Antichamber is the closest we’ve come to a playable M.C. Escher painting. Everything from physics to perspective is questioned, with time and space bending to the will of a fiendish genius. Inspirational life lessons are scattered throughout, serving as practical advice for the real world while providing hints for the various obstacles that block your path. Instead of striving to create a photorealistic facsimile of Earth, Antichamber makes the argument for breaking our realistic spatial constraints and exploring previously inconceivable dimensions.

Gone Home


If your reaction to BioShock Infinite was “Man, I wish they never gave me that gun after the first hour,” then you’ll probably get a kick out of Gone Home. You arrive at a deserted house, filled with all the trappings of a true lived-in home (though some scoundrel absconded with the Laserdisc player), and are simply asked to discover their fate. Though the pieces of the Greenbriar puzzle are a little too conveniently spread out for plot’s sake, it’s refreshing to play detective in a well-realized environment without messing with firearms or nonsensical contraptions. That you come to understand and sympathize with this family by simply rummaging through their stuff is quite the achievement.

Just Cause 2 Multiplayer Mod


Remember how excited everyone was when they saw the trailer for Grand Theft Auto Online, followed by utter disappointment when it turned out to be a cynical attempt to wring more money out of Rockstar’s large audience? Just Cause 2 Multiplayer Mod is everything GTA Online promised to be, and then some. Sharing the same world as 800(!) other people leads to some truly madcap moments, and that’s even before you factor in the group events! There’s a good chance that you’ve never thought about tandem skydiving races or massive destruction derbies on the roof of a blimp, but after shoving another car into the watery abyss, you’ll wonder why no one ever tried this before. It’s an island paradise that redefines “massive” and gives you the world without any nonsensical microtransactions.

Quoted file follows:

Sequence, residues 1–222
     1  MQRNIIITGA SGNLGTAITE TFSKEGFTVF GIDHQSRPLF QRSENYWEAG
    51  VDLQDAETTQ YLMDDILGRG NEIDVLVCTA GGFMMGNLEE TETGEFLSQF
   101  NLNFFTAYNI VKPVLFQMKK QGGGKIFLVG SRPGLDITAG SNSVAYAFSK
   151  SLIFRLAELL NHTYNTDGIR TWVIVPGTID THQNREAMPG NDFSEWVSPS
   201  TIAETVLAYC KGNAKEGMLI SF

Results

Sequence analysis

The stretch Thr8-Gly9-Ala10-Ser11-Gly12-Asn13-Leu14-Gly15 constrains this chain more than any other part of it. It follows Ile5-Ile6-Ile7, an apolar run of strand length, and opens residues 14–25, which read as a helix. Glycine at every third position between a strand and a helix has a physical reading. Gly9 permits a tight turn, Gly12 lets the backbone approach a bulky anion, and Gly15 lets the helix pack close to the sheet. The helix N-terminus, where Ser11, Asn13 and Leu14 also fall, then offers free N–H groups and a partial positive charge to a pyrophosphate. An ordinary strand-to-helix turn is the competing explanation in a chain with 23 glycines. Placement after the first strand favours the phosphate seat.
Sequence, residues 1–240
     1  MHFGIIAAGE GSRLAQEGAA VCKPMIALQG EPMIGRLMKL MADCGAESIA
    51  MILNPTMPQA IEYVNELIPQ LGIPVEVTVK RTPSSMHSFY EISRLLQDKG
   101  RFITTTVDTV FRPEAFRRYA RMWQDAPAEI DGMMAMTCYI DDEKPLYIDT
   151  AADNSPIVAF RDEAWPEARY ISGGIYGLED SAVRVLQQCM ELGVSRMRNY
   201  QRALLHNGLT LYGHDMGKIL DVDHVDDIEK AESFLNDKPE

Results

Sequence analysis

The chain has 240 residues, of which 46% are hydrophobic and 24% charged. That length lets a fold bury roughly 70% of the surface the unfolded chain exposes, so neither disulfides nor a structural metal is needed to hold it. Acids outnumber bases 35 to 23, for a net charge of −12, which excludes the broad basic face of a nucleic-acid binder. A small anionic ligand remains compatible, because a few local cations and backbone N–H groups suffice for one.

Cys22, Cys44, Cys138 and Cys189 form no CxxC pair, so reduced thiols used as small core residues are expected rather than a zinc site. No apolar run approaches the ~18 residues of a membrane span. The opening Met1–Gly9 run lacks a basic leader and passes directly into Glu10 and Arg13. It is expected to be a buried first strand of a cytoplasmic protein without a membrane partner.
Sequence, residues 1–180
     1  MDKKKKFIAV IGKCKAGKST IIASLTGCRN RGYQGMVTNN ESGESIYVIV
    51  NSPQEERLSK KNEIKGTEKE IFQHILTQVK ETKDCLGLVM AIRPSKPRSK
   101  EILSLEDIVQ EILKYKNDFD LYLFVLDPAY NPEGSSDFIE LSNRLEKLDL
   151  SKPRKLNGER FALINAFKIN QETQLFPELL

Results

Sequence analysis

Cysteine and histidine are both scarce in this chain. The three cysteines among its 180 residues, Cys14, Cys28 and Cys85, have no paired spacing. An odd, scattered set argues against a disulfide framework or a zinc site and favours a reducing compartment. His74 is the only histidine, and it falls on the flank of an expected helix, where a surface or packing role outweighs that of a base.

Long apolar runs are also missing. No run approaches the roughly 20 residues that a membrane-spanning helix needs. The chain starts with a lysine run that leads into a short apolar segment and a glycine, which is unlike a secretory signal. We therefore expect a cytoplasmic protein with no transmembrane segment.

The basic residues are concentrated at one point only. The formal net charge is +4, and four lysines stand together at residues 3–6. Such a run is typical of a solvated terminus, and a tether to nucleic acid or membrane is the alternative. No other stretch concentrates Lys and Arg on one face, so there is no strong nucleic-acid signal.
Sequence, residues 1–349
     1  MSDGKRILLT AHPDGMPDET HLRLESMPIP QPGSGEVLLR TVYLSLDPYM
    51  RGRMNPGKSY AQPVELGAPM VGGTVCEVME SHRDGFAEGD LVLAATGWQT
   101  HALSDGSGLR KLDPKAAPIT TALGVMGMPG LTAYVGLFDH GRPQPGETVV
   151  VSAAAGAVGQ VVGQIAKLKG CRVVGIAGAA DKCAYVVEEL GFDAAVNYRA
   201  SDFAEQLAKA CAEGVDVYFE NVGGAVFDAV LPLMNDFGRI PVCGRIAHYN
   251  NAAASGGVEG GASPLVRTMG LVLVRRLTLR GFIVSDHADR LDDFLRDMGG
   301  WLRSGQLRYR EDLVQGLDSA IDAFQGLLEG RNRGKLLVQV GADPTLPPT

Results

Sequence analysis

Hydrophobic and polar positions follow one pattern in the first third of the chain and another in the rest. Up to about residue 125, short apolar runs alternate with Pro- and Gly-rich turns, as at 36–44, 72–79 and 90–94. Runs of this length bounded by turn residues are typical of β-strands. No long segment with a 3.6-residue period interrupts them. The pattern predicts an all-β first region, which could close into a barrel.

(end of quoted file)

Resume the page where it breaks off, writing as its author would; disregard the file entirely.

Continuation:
Rayman Legends


If you want the short version of why Rayman Legends deserves a spot on this list, it’s simple; it’s more Rayman. Specifically, it took one of the most joyous platformers of this generation and brought in moments like the Castle Rock stage without breaking its limbless hero’s stride. It’s easy to bemoan sequels that play it safe and stick with an established formula, but Legends adds just enough to avoid feeling like a rehash, and its goofy imagination puts stalwarts like Mario to shame.



As much as I enjoy diving into Spelunky’s ever-challenging caverns, it’s one of the few games that shines even brighter as a spectator sport. From that legendary eggplant run your friend keeps mentioning to the scrub who falls in a spike pit before he clears the first world, every match is eminently watchable. If you must play it, though, the 2013 addition of the Daily Challenge is far and away the best mode; its ever-refreshing leaderboards and one-run-per-day limitation turn it into a frequent ritual that never manages to grow old. Spelunky was already a mechanically perfect game, but now that it’s on Vita and PC with these new features, it’s transformed into an unbeatable behemoth.

Have a happy new year!